Winston Churchill, certainly one of the great figures of the Twentieth Century, has recently been portrayed in two motion pictures concerning an epic event during World War II. About 400,000 British soldiers had been pushed by Nazi troops invading France to a small section of waterfront near the city of Dunkirk. The loss of these soldiers would obviously have been a human as well as a military tragedy.
In the movie “Dunkirk,” Churchill is portrayed as somewhat cautious about sending naval forces to the French coastline on a rescue mission. Perhaps the prime minister thought such an expedition would certainly make a bad situation worse resulting in even more deaths. In this production, it is the military leaders who seem to take charge and promote the celebrated rescue mission that incorporated just about every boat, craft and yacht available along England’s channel.
The other movie, entitled “The Dark Hour,” patently depicts Churchill as the hero that later generations recall. This Churchill has to contend with the much more cautious Neville Chamberland, his predecessor in office, and Lord Halifax, eventually British ambassador to Washington. While clearly torn about the risk to the lives of the men on the shore and risk to those who would rescue them, Churchill, in a well-crafted speech before Parliament, opts for a display of strength before the Nazi aggressors. Sir Winston happily made the right choice.
Looking back one generation to World War I, observers can well understand why Winston Churchill would be cautious about sending troops into harm’s way. The Gallipoli Campaign of 1915-16 was an attempt by Britain and France to control the sea routes near Turkey. The campaign began with a failed naval attack by Allied ships on the Dardanelles Straits and continued with a major land invasion of the Gallipoli Peninsula, including Australian and New Zealand Army Corps. Lack of sufficient intelligence and knowledge of the terrain, along with a fierce Turkish resistance, hampered the success of the invasion. By mid-October, Allied forces had suffered heavy casualties and had made little headway. Evacuation began in December 1915 and was completed in January.
In all, some 480,000 Allied forces took part in the Gallipoli Campaign, at a cost of more than 250,000 casualties, including some 46,000 dead. On the enemy side, the campaign also cost an estimated 250,000 casualties, with 65,000 killed. In May 1915, Britain’s First Sea Lord Admiral John Fisher resigned dramatically over the mishandling of the Gallipoli invasion by his aide Winston Churchill who was then First Lord of the Admiralty. His political capital damaged by the debacle, Churchill resigned his own position and accepted a commission to command an infantry battalion in France. It would be another thirty years before Churchill’s reputation healed enough for the task of major office.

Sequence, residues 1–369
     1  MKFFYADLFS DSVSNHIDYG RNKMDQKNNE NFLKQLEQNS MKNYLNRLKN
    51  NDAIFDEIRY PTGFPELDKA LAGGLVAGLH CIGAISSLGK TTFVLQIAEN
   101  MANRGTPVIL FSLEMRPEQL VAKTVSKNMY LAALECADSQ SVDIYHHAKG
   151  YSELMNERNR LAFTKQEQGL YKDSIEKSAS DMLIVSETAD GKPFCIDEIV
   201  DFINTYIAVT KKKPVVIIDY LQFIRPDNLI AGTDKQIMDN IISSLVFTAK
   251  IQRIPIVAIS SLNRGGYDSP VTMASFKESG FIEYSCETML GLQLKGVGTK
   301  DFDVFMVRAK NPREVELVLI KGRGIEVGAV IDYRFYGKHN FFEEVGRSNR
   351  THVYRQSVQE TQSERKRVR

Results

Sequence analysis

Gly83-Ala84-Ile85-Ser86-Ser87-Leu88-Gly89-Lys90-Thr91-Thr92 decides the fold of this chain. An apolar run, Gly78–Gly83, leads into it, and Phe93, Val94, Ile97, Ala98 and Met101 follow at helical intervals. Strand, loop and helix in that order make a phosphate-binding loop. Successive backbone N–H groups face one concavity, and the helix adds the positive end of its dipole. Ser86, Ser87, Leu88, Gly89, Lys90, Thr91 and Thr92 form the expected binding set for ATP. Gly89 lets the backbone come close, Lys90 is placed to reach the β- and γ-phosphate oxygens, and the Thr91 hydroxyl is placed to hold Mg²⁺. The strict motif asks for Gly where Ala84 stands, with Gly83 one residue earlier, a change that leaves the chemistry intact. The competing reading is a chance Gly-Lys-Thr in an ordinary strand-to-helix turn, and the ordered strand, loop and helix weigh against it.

Sacrifice is risky business. The battle of Gallipoli brought tragedy on half-a-million British, French, Turkish, Australian and New Zealand troops. Churchill no doubt meant well but his heroic scheme was ill-founded. The evacuation of Dunkirk a generation later portended an equal risk but this time greater consideration and consultation by leaders accompanied by characteristic military (and civilian) heroism proved successful. For many, Dunkirk replaced Gallipoli as Churchill’s defining moment.
Sacrifice is essential to the Christian life just as it is certainly integral to military life. But while Christian sacrifice might be challenging, it is actually not at all risky. In Jesus Christ, the victory over sin and evil is already accomplished. As St. Paul writes in this Sunday’s second reading, “God, who is rich in mercy, because of the great love he had for us, even when we were dead in our transgressions, brought us to life with Christ,…raised us up with him, and seated us with him in the heavens.” As believing Christians, the faithful are already “seated” in heaven. Victory, triumph, and success are Christ’s achievement through his Cross and Resurrection and now these become the believer’s inheritance through faith. Through God’s grace, Christ’s great Paschal feat is offered to every believer. Like the Jews cited in this Sunday’s first reading returning to Jerusalem though King Cyrus’ largesse, Christians can immediately claim their rightful inheritance available through Christ’s beneficence. In a couple of weeks, Christians will be singing, “The strife is o’er, the battle done; The victory of life is won; The song of triumph has begun: Alleluia!” Christians must take these words literally.
For Christians, the “Dark Hour” was on Calvary. It need not be repeated in every generation. Victory has already been won; now it has only to be claimed, exercised and appreciated through a dedicated Christian life. The Christian hope for ultimate victory is not based on maps, figures, equipment and strategies. Christian hope is based solidly and solely on Christ’s already achieved success. Now every believer must claim the victory!